God Confuses Languages

The story about the Tower of Babel is sandwiched between genealogies.[1] Still, these are more than portions of Scripture we’d want to skip. It’s what’s often referred to as the Table of Nations. It comes between two toledoth (10:1; 11:10), the second of which is followed by yet another (11:27). The sections become more extended from here out, so while we have ten in total and six already used, their frequency becomes less. What’s interesting to note, first, is that all of these nations have their own language (Gen. 10:5, 20, 31). Still, when we arrive at Babel’s story, it begins with everyone having the same language (Gen. 11:1). Some might see this as a contradiction, but it’s actually a literary device that beckons the reader to pay attention.

We could detail the various people and the nations from them, but I want to focus on the point leading up to the story about the Tower of Babel. Cush (Ethiopia) is the father of Nimrod, a name often used to insult someone else in our time. Nimrod built Babel and Nineveh, who would later be two of Israel’s greatest enemies (Gen. 10:8–11). Jonah would preach to Nineveh, which later became the Capitol city of Assyria—who conquered the northern ten tribes of Israel. They led them into captivity while importing foreigners to intermingle with them, thus diluting the bloodline in 721 BCE. Years later, Babylon would subdue Judah and Benjamin, the Southern Kingdom, and lead them into captivity in 586 BCE.  

Centuries before, however, these two enemies of Israel can be traced to one person, Nimrod, who we eventually trace back to the degraded son of Noah, Ham. When we look at Ham’s sons, all of them are later enemies of Israel (Gen. 10:6). Cush, whom we’ve already looked at, birthed enemy kingdoms of Israel. Ham’s son, Canaan, well, we know about him. Mizraim was the Aramaic name of the Egyptians, who were often hostile to Israel. Put (Libya) was further west than Egypt and often supported the Egyptians and other Israel enemies (cf. Nahum 3:9; Ezek. 27:10; 30:5; 38:5).

Let’s say you’re an ancient Israelite who lives either before, during, or after Jerusalem’s siege by the Babylonians. This story and the Table of Nations are especially intriguing to you. The part about the Tower of Babel appears mid-genealogy in explaining your own lineage, so you sit up straight and take note. These post-flood people come together in the plain of Shinar (11:1; cf. 10:10), which is Iraq today. Iraq was, long ago, Babylon, and before then, it was the land of the Chaldeans. That’s important because it’s where Abraham came from, Ur of the Chaldeans.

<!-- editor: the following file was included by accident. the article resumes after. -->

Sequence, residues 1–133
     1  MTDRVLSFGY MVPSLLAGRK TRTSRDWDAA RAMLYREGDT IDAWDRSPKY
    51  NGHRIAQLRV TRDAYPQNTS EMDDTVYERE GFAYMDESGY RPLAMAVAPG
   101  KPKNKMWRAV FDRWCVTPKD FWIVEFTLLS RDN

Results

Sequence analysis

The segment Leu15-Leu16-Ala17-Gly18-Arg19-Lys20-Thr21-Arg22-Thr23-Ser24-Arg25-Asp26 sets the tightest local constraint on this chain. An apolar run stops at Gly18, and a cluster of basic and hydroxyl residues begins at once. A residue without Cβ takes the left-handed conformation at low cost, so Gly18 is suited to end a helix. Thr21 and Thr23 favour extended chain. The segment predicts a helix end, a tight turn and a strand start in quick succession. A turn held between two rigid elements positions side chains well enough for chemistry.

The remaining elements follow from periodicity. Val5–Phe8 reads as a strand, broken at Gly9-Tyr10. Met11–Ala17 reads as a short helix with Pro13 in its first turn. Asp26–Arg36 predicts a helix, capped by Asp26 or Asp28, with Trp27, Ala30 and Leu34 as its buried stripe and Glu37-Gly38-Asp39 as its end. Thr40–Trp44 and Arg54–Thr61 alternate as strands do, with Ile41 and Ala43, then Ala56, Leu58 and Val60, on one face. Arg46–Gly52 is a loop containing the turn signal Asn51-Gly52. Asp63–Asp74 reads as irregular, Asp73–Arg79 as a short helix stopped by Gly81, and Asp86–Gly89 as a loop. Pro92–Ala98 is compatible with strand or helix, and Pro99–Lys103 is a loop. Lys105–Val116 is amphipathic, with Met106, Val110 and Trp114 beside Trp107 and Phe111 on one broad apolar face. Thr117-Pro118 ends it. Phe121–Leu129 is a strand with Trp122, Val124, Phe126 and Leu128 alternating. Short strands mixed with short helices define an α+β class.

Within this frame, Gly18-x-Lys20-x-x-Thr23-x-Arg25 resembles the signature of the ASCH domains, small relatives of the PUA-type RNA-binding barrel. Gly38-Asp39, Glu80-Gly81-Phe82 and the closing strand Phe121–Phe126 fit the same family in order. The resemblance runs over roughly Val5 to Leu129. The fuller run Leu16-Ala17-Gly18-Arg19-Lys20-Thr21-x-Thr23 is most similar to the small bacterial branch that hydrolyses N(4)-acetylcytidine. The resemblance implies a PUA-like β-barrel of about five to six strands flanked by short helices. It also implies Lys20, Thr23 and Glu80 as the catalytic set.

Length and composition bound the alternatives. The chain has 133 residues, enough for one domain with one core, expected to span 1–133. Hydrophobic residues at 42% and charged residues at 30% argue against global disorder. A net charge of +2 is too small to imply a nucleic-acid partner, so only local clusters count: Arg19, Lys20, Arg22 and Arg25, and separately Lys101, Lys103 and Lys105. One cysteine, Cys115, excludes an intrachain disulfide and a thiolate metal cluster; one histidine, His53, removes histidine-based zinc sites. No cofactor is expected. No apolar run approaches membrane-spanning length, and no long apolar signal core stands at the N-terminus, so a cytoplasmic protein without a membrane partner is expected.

Nevertheless, these people come together to build a city and a tower. This ancient tower is what’s known as a ziggurat. This sort of structure was common in ancient Mesopotamia. They weren’t built for people to go up despite it looking like a pyramid with stairs around it and the top having an altar. Ancient people often sought high places to worship the gods because they were “up there,” so the higher you could get, the closer to the gods. In this case, the ziggurat was for the gods to come down more than for the people to go up. In Genesis 3, humanity lost the presence of God by being cast from Eden, so they build this structure with the hope that God would come to them. They were often made next to temples, and the thinking was that God would come down and enter His temple to occupy it and so that they could have His presence among them once more.  

The two indicators of what might have been wrong here are that they 1) wanted to make a name for themselves, and 2) didn’t want to be scattered (11:4). I’m going to get to what I believe was wrong here, keeping in mind the story of Genesis up to this point. Still, God’s solution is to balal (“confuse”) their language. Literally, God is going to balal babel. It’s sort of punny. Ok, so what’s the problem? Humanity is at it again. From the beginning, humanity has crossed the boundaries of being creatures. We, time and again, want to be gods. Our initial fall was aspiring to have God’s wisdom (Gen. 3:4). Sons of God come down once again, transgressing the earthy and heavenly boundaries (Gen. 6:1–4). Humanity, or a portion of humanity, wants to break through those exact boundaries, not by going up (Gen. 11:4), but by making a name for God rather than self. That was their sin. That was what displeased God. There were several ways they could have made a name for themselves, but when it came to sacred space, that was to be done for God and not for oneself.

God is the one who creates and orders. Still, in building this tower and city, these people were making their own order and unity around themselves and not God, so He confuses and disperses them. Yet, God undid His work at Babel on Pentecost (Acts 2:1–7). The Holy Spirit gave the apostles the ability to speak in languages for which they were untrained, but what’s even more marvelous is how everyone present heard in their own language. They listened to the good news about Jesus, who came to rectify humanity’s errors plagued upon the earth. He did this by dying on the cross, and those who have faith in Him will be saved. They exalted the name of Jesus rather than themselves.

[1] Archaeologists have uncovered a relief detailing the building of a ziggurat during the reign of Nebuchadnezzar II. The archaeological evidence, including bricks from the ziggurat in question, plus the story in Genesis has caused scholars to date the account here to the exilic period that began in 586 BCE. A redactor is believed to have inserted it as a fictional story with a very real meaning.

%d bloggers like this: